Riviera, Chicago

Pete Yorn may or may not have received some help from his famous industry siblings, leading to some high-profile soundtrack placement and a heavily promoted major-label debut, but much of the guy's su

Pete Yorn may or may not have received some help from his famous industry siblings, leading to some high-profile soundtrack placement and a heavily promoted major-label debut, but much of the guy's success is a product of a pretty impressive work ethic.

After all, Yorn worked hard, touring incessantly and playing every club and festival around the country that would have him, until radio and MTV had to pay attention. Thus, the singer himself deserves a lot of credit for the sleeper success of his Columbia debut, musicforthemorningafter.

What Yorn doesn't deserve are the inexplicable comparisons to such writers as Bruce Springsteen—even Yorn would be quick to admit that 1980s acts like the Cure and the Replacements inform his music more than the Boss. Too bad.

He could have used a little of Bruce's ambition when it came time to write his second album, Day I Forgot, a boring retread of his first disc that largely replaces whatever charm he had with an anonymous, by-the-numbers quality and an increasingly adenoidal yowl.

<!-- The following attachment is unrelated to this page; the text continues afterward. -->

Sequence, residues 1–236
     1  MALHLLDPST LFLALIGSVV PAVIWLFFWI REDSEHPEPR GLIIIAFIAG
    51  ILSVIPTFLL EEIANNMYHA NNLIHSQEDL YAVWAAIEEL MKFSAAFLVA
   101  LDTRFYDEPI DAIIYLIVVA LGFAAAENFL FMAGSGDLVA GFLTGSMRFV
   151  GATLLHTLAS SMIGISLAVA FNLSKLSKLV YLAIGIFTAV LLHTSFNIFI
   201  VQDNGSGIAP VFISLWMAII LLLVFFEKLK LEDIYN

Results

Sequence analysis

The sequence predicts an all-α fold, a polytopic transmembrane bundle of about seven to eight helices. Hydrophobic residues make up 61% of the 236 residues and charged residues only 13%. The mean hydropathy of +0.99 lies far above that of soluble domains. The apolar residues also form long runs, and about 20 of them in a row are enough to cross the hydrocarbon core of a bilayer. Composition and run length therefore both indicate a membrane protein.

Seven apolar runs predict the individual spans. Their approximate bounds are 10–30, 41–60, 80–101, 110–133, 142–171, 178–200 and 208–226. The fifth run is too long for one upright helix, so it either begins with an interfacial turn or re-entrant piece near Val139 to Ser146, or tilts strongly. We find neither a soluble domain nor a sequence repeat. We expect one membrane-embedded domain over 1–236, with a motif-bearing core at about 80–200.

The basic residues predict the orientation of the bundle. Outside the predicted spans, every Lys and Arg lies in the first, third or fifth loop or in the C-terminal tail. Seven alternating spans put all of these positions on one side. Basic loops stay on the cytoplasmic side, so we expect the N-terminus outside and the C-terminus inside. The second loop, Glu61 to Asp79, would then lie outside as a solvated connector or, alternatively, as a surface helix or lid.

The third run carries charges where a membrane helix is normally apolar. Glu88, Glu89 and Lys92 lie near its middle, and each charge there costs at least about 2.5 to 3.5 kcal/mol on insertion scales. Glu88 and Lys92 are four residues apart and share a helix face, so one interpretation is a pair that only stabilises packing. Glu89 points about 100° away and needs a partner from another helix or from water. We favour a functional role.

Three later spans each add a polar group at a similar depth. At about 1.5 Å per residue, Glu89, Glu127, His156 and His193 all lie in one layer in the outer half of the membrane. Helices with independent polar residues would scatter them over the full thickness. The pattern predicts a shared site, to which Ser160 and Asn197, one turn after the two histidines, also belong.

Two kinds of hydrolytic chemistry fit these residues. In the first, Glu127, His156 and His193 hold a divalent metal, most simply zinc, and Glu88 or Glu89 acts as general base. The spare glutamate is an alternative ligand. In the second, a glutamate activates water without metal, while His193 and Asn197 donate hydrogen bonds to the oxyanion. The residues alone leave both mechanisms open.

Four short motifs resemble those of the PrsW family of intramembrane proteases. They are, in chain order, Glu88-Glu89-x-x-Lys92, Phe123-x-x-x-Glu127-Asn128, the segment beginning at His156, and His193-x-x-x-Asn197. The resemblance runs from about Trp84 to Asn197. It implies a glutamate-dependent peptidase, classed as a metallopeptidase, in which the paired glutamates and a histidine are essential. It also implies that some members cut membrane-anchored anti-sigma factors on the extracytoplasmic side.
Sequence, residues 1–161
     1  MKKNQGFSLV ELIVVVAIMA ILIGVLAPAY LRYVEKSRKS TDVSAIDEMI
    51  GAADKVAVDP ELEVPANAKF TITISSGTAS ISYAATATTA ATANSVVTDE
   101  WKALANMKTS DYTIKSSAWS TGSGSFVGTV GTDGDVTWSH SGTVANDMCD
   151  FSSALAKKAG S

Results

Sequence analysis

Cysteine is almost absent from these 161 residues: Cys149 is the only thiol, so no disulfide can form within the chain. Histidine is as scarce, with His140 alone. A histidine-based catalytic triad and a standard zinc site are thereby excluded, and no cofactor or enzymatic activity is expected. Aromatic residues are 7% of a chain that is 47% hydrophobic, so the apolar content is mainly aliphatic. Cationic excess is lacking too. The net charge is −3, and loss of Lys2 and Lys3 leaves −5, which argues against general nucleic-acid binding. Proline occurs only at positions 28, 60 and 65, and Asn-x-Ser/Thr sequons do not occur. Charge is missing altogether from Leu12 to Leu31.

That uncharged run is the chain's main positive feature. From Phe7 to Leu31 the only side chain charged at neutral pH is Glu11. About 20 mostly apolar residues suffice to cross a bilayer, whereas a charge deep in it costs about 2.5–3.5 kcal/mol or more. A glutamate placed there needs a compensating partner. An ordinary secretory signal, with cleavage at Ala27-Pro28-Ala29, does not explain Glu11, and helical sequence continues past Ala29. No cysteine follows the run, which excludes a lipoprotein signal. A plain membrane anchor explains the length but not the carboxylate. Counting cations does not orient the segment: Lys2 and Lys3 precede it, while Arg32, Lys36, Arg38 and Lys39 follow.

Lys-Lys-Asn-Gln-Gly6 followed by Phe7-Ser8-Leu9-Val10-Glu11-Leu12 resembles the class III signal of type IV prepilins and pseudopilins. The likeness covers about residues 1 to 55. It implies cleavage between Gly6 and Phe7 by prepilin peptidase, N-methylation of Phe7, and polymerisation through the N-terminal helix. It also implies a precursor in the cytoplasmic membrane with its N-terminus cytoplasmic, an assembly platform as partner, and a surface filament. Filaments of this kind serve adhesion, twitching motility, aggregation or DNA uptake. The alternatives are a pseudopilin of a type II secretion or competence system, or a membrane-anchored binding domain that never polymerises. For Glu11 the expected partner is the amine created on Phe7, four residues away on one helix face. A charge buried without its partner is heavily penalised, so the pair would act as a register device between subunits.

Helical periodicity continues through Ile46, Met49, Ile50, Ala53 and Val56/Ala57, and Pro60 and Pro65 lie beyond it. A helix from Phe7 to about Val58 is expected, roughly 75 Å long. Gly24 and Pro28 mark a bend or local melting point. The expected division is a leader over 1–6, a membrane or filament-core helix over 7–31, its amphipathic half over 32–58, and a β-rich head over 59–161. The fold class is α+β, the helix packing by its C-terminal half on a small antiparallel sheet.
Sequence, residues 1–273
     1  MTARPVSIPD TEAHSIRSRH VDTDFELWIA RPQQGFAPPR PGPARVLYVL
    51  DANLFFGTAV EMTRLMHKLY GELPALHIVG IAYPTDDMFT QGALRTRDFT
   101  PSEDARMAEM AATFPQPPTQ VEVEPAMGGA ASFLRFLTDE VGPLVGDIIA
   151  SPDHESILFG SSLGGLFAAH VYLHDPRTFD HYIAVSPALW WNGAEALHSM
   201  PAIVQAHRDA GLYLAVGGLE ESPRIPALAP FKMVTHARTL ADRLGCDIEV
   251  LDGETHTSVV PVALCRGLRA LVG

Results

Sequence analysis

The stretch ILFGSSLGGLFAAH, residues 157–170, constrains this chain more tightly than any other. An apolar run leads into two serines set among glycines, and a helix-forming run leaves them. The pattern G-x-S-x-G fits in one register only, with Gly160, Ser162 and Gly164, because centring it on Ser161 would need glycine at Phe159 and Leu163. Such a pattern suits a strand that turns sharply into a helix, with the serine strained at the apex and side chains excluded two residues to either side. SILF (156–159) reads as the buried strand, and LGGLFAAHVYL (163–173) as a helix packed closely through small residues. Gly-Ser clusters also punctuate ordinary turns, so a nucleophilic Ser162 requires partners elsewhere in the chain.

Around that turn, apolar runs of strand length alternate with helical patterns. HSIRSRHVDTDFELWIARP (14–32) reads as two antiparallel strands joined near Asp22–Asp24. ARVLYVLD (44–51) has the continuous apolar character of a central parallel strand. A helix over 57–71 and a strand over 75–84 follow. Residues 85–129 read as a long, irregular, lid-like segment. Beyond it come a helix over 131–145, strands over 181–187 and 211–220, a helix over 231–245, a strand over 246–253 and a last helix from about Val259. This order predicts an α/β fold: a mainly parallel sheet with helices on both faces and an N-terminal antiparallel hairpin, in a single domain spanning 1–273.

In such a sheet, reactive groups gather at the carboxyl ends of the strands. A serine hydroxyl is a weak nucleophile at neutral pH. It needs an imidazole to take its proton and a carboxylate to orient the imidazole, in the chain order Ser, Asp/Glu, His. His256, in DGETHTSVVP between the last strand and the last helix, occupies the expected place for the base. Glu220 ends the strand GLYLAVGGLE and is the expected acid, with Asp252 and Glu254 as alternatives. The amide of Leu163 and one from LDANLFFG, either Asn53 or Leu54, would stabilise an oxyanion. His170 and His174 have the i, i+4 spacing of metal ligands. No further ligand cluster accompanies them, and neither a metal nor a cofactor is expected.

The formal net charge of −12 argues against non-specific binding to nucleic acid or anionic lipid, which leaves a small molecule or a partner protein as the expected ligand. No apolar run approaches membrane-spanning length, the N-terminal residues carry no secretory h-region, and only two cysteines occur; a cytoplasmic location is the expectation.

Likewise, Yorn's reputation as a searing, Springsteenian live act increasingly seems like some sort of marketing concoction, since the guy is dullsville on two feet. If he was any more boring live, even he would have fallen asleep. At the sold-out Riviera, Yorn played a perfunctory set, backed by an over-rehearsed band that brought nothing fresh to the songs. It was as if, just a few weeks after the release of the new album, they were already going through the motions.

"Carlos (Don't Let It Go to Your Head)" came across like second-hand Lenny Kravitz—no small achievement—and the fine single "Come Back Home" couldn't quite hold up against songs from his first record, such as "Life on a Chain" and "For Nancy." After Yorn announced he was going to "juice it up" by switching to electric guitar, the subsequent songs didn't sound any more energized. An encore version of the Stone Roses' "She Bangs the Drums" was a fine choice that ironically highlighted how uninspired Yorn was otherwise.

To be fair, Yorn seemed especially bland following Grandaddy. Like the Flaming Lips without the whimsy or Radiohead without the bombastic release, the group mines a distinctive brand of melancholy art-rock that's steeped in sadness despite majestic chord changes and hummable melodies.

Even though the audience didn't always embrace its somewhat combative, left-of-mainstream stance, ever-increasing applause indicated that chunks of the crowd were being won over.—JK